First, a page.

This summer marked the first time that we've had across-the-street neighbors. For seven years, our house faced two empty lots, but recently two families with children moved in. Our girls have been delighted.
It's unusual when more than a day to passes without the six kids gathering in one of our yards. When they're at my house, my goal has been to keep an eye on the activity without hovering. Let kids be kids. I stay attuned enough to catch moments when they indicate that they're up to no good, like the day they clumsily snuck out of our shed carrying shovels while whispering, "Do you think your mom will notice if we dig there?"
A mom's ears perk up at phrases like this.
When I pressed them for more information, the story came tumbling out. Apparently, the toad that they had captured the night before had died. One girl shook a small insect cage to clear away the debris and thrust it under my nose. I took one look at the toad's shriveled form and confirmed the inevitable: Yep, he's a bit dehydrated.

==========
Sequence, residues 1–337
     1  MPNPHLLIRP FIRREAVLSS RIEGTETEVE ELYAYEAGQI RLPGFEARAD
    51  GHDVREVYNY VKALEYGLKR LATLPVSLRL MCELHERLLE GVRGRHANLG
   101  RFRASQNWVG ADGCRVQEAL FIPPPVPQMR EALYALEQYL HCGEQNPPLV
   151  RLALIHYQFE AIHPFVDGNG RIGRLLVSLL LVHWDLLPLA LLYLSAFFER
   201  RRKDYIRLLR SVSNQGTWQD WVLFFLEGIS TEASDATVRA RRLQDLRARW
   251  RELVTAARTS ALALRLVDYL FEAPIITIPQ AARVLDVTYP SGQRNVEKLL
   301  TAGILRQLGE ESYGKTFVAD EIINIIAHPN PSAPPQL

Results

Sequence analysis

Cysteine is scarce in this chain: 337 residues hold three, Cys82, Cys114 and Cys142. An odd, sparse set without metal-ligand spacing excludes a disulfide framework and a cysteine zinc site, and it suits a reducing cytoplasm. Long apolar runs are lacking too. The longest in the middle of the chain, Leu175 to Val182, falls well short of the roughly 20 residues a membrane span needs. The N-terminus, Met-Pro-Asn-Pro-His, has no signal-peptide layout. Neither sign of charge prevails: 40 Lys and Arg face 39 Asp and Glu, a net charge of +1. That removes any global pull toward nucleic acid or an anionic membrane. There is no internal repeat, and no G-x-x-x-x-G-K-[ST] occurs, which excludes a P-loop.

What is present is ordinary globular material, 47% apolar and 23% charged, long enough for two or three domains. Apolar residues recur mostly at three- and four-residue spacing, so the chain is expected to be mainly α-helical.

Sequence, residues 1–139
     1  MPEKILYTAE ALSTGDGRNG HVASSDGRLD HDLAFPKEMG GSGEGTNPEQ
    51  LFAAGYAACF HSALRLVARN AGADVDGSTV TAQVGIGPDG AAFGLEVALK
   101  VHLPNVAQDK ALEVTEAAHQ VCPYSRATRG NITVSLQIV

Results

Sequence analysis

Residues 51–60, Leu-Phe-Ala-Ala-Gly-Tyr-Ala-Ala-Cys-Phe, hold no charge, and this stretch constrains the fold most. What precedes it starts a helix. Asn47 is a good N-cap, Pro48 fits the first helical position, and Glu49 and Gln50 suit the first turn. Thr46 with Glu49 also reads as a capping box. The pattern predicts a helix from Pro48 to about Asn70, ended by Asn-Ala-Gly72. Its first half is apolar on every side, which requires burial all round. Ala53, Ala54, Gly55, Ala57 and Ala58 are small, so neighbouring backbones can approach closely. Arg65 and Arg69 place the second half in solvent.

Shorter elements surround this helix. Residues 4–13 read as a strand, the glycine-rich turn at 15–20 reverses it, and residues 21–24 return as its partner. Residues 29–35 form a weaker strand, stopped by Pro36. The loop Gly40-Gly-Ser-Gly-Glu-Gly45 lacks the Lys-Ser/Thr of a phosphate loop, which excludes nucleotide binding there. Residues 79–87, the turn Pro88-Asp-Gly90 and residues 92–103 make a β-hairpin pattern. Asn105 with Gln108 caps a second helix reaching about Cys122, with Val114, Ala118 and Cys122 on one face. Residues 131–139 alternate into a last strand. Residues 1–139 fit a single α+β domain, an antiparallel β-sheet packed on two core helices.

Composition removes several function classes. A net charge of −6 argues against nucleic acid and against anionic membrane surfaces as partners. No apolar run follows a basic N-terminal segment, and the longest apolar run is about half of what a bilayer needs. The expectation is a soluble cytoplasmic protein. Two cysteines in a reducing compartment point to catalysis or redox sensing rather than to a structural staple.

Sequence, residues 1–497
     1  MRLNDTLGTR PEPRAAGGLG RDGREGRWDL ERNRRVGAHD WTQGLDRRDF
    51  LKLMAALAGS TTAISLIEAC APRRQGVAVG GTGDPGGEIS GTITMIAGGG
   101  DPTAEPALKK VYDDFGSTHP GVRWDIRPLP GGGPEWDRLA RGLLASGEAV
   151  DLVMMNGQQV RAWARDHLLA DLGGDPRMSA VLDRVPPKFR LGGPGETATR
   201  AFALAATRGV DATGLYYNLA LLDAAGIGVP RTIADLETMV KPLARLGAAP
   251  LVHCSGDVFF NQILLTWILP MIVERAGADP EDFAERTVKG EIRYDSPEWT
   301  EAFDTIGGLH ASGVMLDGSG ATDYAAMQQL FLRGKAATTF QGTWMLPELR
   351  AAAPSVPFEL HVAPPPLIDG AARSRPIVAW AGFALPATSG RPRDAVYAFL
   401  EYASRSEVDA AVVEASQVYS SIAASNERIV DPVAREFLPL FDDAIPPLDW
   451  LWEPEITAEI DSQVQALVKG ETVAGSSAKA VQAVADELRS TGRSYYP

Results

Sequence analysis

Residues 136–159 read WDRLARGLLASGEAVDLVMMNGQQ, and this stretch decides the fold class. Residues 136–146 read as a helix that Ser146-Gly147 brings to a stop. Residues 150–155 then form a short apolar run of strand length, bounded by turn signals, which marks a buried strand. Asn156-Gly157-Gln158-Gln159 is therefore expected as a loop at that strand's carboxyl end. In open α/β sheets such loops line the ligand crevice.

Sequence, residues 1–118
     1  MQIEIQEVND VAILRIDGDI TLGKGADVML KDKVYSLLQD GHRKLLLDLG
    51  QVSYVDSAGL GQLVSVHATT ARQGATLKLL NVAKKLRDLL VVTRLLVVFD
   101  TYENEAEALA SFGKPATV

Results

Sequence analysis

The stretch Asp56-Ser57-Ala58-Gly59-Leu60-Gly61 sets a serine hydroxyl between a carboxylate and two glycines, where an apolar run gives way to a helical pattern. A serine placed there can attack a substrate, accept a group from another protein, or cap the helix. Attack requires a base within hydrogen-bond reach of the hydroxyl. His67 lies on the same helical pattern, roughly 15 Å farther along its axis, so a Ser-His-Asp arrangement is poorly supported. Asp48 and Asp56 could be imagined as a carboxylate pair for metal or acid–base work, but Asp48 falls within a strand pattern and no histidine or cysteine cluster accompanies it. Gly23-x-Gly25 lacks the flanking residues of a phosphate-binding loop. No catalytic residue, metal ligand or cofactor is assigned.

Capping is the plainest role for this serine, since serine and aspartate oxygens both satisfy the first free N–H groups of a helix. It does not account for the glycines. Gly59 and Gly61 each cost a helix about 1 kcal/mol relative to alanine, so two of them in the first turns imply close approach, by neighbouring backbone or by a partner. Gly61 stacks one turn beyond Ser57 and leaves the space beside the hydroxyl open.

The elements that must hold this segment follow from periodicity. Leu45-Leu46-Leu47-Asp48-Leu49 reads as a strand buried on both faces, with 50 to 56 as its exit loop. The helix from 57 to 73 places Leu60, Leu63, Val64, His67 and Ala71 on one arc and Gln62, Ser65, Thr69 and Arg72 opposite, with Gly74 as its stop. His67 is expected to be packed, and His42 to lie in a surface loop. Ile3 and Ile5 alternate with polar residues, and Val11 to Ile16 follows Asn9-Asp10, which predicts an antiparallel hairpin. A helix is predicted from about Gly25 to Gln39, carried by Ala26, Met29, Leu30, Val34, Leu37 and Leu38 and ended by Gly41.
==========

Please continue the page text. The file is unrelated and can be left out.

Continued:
My five-year-old became the spokesperson. "We need shovels to bury him."
The ceremony was brief. Nobody knew the toad's name, but he's now resting in peace in the far corner of our backyard under a grave site marked with a golf ball and a rose.
The next day the kids showed me the insect cage again. This time it contained a pitiable lightning bug and a bee that kept charging into the perforated roof, his only chance for freedom.
"Are you planning on releasing them? Giving them any water, or something?" I ventured.
"Probably," one kid answered. "But if they die, don't worry. We know where to bury them now."